0

Two verses come to mind immediately: Mark 7:19 and Acts 15 Mark 7:19 - For it doesn't go into their heart but into their stomach, and then out of the body." (In saying this, Jesus declared all foods clean.) Acts 15:28ff - It seemed good to the Holy Spirit and to us not to burden you with anything beyond these essential requirements: You must abstain ...


0

The word blasphemer in the Jewish language is used for someone who curses God. So I believe the man cursed God. But then again Moses keeps in the lockup and waits for God's answer on what to do. Seems like there is more to it, but the sages say he cursed God Leviticus 24:14 Take the blasphemer outside the camp, and all who heard [his blasphemy] shall lean ...


0

The most likely (and traditional) source for the conclusion to the first Jerusalem council is the Noahide covenant recorded in Gen 8:20 to 9:17 which was established with all humanity and all animals. Specifically, we have: prohibition of eating blood (and by extension meat of strangled animals) Gen 9:1-3 Modern Jews see much more in this covenant but ...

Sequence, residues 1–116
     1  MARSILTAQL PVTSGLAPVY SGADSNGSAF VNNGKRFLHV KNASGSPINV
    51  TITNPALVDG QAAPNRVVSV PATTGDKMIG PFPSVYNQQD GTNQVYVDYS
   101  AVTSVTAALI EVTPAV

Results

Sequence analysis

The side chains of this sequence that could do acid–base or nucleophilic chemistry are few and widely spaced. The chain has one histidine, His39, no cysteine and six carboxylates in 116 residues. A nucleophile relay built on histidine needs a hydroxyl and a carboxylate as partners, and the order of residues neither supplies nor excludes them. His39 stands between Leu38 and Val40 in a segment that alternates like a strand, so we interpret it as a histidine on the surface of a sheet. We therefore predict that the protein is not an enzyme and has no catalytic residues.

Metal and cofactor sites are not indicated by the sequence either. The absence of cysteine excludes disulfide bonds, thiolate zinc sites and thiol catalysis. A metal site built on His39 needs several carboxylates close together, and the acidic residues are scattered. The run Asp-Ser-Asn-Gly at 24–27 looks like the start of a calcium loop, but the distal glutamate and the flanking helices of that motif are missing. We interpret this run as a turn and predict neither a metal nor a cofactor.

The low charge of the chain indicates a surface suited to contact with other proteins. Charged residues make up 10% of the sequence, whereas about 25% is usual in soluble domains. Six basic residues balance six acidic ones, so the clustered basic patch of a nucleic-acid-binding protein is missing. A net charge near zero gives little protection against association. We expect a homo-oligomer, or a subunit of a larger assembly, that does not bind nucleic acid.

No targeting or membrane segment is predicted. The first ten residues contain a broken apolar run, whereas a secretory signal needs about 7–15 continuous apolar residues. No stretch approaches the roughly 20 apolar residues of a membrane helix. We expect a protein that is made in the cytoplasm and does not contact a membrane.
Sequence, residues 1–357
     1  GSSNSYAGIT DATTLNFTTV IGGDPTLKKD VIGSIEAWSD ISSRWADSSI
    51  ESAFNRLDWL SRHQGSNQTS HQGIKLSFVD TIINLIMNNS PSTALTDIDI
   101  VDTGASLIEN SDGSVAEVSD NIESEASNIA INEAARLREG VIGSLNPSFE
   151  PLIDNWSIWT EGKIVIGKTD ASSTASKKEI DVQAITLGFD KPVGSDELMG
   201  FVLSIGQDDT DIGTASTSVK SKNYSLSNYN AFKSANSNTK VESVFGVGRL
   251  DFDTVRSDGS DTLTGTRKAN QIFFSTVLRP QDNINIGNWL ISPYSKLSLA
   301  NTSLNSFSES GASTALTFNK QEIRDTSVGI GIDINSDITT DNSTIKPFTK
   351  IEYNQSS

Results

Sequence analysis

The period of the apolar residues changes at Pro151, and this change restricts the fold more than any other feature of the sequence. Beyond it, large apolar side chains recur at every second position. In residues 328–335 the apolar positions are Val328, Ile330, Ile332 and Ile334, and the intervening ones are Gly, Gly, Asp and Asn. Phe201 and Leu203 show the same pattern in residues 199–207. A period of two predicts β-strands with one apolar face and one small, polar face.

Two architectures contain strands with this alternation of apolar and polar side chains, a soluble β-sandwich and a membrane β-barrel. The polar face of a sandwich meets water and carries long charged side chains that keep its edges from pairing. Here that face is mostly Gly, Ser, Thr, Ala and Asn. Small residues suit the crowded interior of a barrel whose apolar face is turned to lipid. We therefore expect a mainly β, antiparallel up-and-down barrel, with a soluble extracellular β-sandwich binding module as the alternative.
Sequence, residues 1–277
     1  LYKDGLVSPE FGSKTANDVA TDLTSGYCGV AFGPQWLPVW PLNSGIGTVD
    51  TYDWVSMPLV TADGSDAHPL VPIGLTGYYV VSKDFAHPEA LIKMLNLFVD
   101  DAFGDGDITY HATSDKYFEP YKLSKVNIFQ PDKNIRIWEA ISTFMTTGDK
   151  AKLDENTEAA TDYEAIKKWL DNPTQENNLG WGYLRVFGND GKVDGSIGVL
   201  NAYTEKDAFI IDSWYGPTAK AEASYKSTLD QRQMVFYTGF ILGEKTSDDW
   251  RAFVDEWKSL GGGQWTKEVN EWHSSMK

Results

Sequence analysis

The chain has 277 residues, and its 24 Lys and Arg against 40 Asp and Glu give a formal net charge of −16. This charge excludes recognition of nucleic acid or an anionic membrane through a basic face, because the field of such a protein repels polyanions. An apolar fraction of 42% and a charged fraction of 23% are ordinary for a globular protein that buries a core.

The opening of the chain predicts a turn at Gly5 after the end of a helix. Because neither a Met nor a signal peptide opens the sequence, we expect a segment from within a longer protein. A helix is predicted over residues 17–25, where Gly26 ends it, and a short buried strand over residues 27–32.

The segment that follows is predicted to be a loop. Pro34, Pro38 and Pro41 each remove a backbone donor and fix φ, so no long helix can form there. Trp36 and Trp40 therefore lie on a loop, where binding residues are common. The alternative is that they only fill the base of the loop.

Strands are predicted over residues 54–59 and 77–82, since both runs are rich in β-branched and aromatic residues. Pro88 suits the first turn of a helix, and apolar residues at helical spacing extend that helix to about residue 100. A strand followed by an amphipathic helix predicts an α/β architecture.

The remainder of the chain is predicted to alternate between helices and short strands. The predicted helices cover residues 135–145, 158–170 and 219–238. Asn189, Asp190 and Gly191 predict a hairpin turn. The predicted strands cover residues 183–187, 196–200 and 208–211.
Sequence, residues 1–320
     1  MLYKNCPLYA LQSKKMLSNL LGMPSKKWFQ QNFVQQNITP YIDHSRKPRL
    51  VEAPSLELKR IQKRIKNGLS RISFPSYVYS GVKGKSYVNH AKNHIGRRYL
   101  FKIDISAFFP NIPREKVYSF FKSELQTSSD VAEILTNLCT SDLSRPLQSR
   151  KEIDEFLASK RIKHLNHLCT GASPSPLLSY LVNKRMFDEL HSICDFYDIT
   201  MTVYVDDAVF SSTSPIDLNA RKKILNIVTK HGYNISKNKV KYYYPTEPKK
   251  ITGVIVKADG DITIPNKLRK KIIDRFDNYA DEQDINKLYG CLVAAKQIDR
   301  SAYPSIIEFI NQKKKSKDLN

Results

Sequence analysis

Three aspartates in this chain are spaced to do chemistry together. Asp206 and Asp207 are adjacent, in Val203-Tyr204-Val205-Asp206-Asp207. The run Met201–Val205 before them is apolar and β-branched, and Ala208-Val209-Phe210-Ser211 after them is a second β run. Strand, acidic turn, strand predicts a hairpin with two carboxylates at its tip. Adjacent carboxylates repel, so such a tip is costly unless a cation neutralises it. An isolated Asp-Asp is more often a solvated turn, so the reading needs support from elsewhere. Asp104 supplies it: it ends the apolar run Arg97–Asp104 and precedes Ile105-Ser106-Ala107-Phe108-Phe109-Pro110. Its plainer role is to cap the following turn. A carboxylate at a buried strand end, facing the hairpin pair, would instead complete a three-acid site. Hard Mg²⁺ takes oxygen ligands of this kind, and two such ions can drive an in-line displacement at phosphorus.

1

שָׁבֻעִ֨ים / Week / Seven The "sevens" in Hebrew, while not specifying only the word "weeks" in English, should in most cases be properly translated as "weeks", for that is the most common usage given to it. According to BlueLetterBible, in the KJV/Authorized Version it is translated 19 times as "week" and only once ...


0

Jeremiah 22:30a This is what the LORD says: "Record this man as if childless, a man who will not prosper in his lifetime, for none of his offspring will prosper Jamieson-Fausset-Brown answers it this way: they shall die childless—Either by the judgment of God they shall have no children, or their spurious offspring shall be denied by human authority ...


1

Ellicott explains it this way: And will cut him off.--As the preceding verse describes the offender as having been stoned to death by the people, the declaration on the part of God that He will cut off the sinner has occasioned some difficulty. Hence some take it simply to express the same thing--that the judicial execution is God's mode of cutting off the ...